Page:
Amazon Play 3
The company, which has top #25 grossing games on both iOS and Android, looked at its title Tiny Village, a prehistoric-themed simulation game that’s available on all three stores from Google, Apple and Amazon, and found that when you break it out by platform, Amazon’s store monetizes 80 percent better per user than iTunes. If you break out the tablet market, Amazon Kindles monetize 43 percent better per user than iPads do. So Amazon is doing even better than Apple is, according to their numbers.
This is not to rag on Google Play though. TinyCo’s numbers are actually not that bad when looking at Google’s store. When you look at just Android phones (which would exclude any Amazon devices since they don’t offer a phone), these devices generate 82 percent of the revenue-per-user that iPhones do.
Update: Some readers are complaining that I am pointing to an isolated case of a single developer, which of course isn’t representative of an entire market. So here’s the thing: TinyCo is one of a few dozen game developers that has actually had top grossing rankings in all three stores. Amazon’s market is still small and they only released in-app purchases out of beta a few weeks ago, so there really aren’t that many developers who have meaningful ARPU (average revenue per user) data.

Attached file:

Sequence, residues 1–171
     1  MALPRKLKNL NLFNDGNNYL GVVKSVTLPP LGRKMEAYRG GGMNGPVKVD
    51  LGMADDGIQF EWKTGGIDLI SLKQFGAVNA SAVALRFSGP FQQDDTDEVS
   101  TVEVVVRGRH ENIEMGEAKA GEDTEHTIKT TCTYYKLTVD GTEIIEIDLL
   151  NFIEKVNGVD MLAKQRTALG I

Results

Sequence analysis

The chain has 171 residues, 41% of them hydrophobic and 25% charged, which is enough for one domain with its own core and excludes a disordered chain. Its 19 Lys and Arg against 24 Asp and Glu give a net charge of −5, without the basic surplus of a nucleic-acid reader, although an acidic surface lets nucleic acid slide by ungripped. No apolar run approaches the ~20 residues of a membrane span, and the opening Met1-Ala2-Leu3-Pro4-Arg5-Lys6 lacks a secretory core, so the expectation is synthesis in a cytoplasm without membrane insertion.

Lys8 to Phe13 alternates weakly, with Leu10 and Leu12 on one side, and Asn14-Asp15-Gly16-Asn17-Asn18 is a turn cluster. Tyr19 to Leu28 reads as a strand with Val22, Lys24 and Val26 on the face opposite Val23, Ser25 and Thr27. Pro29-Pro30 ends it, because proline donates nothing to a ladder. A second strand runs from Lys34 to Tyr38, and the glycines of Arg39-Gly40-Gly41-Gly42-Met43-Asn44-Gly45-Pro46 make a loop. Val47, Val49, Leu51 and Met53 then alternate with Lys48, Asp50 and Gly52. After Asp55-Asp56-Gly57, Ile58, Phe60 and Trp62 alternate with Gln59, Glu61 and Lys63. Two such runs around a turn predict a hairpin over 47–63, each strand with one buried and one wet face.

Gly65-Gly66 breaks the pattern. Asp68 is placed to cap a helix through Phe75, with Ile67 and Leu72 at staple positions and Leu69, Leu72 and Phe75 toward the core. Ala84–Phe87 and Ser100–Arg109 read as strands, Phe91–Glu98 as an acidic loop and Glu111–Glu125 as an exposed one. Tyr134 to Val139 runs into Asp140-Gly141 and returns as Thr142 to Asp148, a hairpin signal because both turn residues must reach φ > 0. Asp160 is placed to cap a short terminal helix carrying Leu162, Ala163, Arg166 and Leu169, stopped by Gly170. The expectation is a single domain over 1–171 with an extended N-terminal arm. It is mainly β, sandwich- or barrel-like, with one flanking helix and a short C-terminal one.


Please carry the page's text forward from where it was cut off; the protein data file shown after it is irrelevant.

And here’s the broader picture: TinyCo’s numbers are a little bit different from recent data out of mobile analytics provider Flurry, which looked at a basket of apps that were available across all three stores. Flurry found that for every $1 generated per user in the iOS store, Amazon’s store generated $0.89 and Google Play produced $0.23. Flurry’s analytics are in more than 150, 000 apps, so they have a very large sample size.
Another big, independent developer also shared some promising stats about Amazon’s Appstore a few weeks ago: Storm8 said it generated $700, 000 in revenue during its first month in Amazon’s store.
There are a couple things to think about with any early data out of the Amazon store, however. 1) Google hasn’t had the years experience that Amazon has in processing payments and managing an e-commerce-centric revenue model. 2) They lack the database of credit cards that both Amazon and Apple have, which creates extra friction for consumers when they want to pay and have to enter in their personal information. 3) It’s still early days so Amazon Kindles may just be selling to early adopters, who have more disposable income. Over time, revenue-per-user numbers may trend downward as a device or platform crosses over into the mainstream. 4) Amazon’s Appstore is still only available to U.S. consumers. So the iTunes and Google Play numbers are averaging in customers from less lucrative international markets.
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